Indigenous People Mired in "Foreign Mud"
Although it is grown by indigenous people-hill tribes such as the Wa, Lahu, Akha, Lisu, and Palaung-in Burma the opium poppy is not an indigenous crop. It was introduced to Southeast Asia by Portuguese and Dutch traders in the sixteenth century and was commercialized in the nineteenth century during the British Empire's economic development of Burma. The term "foreign mud" was used by the Chinese to disparage the opium that Britain forced on China, and it was for the Chinese market that Burma's hill tribes began to grow opium.
Opium poppies thrive in the northern mountains of Burma, where the steep, rocky land is unsuitable for rice paddies. The hill-tribe people cultivated opium poppies, and Shans (a valley-dwelling ethnic group related to the Thai) and Chinese traders acted as intermediaries for the China trade. Even in those days, the tribespeople usually got a raw deal for their raw opium. A British officer made these observations of the Wa tribe in the 1890s:
The chief crop of the Wa is the poppy, and it demands constant attention. The hill-tops, or rather the sheltered slopes, are white with the blossom in February and March. One can march for several days through nothing but opium fields. These have not only to be thoroughly cleared, but weeded as well, and when the harvest time comes round the capsules have to be scored with the three-bladed knife at sunset, and at daybreak next morning the sap has to be collected. The Wa are, in fact, a conspicuously industrious people. They ought to be very well off and even wealthy. The amount of opium they produce ought to bring in a lot of money, but it is not impossible that the Panthays [Chinese Muslims] who come for it, and the Shans, do not pay lavishly. In this salt figures conspicuously, for the Wa find salt more to their taste than opium. It is possible opium is handed over weight for weight for rock salt. Shans are confirmed chatterers, and the Chinese Mahomedans who come so far with such heavy weights, are certainly overbearing and have some trust in the eighteen extra inches of height that they can claim, and also in their much better supply of guns.
Still, during the colonial period there was relative peace in the frontier areas, and the tribespeople were able to live in established villages and engage in commerce in a variety of commodities besides opium. The silver rupees one still sees ornamenting tribal women date from this period of free trade. World War II disrupted life in the northern mountains completely. While the majority Burmese (Burman) ethnic group of the central plains supported the Japanese invasion, many frontier tribespeople provided vital support to Allied forces. The opium trade continued under Japanese occupation, and in the remote north the substance became a form of currency. British and US troops routinely used it to pay tribal guides and informants.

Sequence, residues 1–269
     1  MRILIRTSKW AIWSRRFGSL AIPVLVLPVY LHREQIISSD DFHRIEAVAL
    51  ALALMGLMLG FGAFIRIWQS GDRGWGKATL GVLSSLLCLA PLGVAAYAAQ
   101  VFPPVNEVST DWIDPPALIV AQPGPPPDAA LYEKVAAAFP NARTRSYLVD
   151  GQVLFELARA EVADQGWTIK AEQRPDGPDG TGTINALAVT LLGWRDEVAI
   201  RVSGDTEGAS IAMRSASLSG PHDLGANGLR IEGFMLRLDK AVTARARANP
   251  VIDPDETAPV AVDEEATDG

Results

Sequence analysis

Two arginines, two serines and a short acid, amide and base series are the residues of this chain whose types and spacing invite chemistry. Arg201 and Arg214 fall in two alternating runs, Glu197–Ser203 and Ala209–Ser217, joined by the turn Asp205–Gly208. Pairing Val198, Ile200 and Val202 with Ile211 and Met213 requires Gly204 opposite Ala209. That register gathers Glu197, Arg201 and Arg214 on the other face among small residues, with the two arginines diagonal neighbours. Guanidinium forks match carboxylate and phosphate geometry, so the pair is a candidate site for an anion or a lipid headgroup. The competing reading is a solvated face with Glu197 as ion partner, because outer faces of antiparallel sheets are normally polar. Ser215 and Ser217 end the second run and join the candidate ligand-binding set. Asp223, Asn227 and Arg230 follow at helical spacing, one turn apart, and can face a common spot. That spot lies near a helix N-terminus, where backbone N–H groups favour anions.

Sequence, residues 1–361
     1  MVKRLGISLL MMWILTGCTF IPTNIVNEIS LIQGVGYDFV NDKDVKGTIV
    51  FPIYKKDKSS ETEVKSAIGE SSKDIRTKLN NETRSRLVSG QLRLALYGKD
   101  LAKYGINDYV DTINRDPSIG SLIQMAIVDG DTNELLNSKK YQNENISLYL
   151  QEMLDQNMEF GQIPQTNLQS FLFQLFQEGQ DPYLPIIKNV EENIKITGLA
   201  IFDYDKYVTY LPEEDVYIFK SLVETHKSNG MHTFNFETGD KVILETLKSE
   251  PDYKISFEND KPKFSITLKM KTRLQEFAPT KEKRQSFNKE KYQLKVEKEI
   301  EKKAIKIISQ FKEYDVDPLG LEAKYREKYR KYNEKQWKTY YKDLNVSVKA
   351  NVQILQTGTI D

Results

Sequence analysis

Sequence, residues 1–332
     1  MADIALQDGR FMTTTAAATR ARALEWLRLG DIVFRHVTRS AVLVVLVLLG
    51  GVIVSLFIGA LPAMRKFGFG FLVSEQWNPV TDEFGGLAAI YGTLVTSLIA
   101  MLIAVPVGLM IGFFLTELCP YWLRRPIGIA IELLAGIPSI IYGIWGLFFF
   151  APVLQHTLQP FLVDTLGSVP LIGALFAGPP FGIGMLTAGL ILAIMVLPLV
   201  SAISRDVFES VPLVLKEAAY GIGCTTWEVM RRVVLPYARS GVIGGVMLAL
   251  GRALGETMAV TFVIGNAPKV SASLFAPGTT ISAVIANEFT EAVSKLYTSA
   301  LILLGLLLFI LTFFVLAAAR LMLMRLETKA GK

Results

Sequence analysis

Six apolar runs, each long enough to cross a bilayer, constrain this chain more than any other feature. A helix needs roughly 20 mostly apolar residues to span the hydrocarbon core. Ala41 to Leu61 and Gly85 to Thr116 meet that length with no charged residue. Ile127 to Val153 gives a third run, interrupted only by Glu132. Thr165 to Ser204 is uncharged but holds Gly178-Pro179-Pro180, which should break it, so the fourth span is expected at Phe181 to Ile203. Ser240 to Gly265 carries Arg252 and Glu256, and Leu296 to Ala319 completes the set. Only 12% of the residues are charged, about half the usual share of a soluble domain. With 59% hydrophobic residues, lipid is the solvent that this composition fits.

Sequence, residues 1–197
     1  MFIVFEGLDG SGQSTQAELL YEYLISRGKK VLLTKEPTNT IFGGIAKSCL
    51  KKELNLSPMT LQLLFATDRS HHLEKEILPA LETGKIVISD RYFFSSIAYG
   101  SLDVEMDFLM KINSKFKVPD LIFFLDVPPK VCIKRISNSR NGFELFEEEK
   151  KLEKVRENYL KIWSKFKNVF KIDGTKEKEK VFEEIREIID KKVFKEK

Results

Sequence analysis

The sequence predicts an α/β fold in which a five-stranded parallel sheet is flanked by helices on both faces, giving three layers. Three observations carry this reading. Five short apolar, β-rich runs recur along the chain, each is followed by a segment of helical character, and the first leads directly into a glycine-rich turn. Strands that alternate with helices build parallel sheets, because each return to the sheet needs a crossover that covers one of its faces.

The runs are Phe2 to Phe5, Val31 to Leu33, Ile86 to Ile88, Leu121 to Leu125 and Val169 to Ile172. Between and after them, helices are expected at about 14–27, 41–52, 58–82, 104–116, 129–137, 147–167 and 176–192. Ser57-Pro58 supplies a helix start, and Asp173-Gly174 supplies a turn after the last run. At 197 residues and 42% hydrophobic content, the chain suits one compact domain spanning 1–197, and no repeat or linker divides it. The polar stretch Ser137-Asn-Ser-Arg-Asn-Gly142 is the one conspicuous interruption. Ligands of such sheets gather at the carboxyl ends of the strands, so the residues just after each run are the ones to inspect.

The frontier areas have not known peace since World War II. That war fanned a blaze of ethnic animosity between the Burmese, who gained an upper hand in post-independence Burma, and minority groups. In Shan State, where most opium is grown, instability increased in 1949 with the arrival of Kuomintang (Chinese Nationalist) Army remnants fleeing the Communist takeover of China. KMT forces, with Thai and US assistance, settled in Shan State and became involved in the lucrative opium trade, eventually setting up their own operations for refining the raw opium into heroin and using connections with international Chinese crime syndicates to establish worldwide marketing of the Golden Triangle's most famous product.
During the 1960s, the Burmese government-a military dictatorship ruled by General Ne Win - franchised militias in Shan State called the Ka Kwe Ye. These militias gave chosen warlords, mainly Chinese, license to traffic in narcotics so long as they also preyed on ethnic minority rebels. Such notorious figures as Lo Hsing Han and Khun Sa benefited from this arrangement to build small drug kingdoms with private armies and refining operations. Meanwhile, the Burmese Communist Party recruited a large army of hilltribe soldiers in the Wa's prime opium-growing area and drifted deeper and deeper into the drug trade, subverting ideology to the extent of commercial arrangements with the KMT warlords.
When the Ka Kwe Ye became something of a battery of loose cannons, the Burmese government officially curtailed the scheme. The liaisons continue to this day, however. Additionally, several of the ethnic minority rebel forces became involved to some extent in the opium trade. Although amateurish, the effect was inevitably corrupting. The interests of the tribal and Shan people-the goals of liberty and autonomy-would become hopelessly lost in a miasma of opium trade alliances and refinery base compromises.
The tribal people, caught in the midst of constant warfare, suffered. The Burmese Army increased its presence in Shan State through its counterinsurgency and anti-KMT campaigns, terrorizing and abusing the indigenous people. The hill tribes lost their moorings as they fled farther and farther into the border mountains. Hundreds of thousands sought dubious sanctuary in Thailand, China, and even Laos.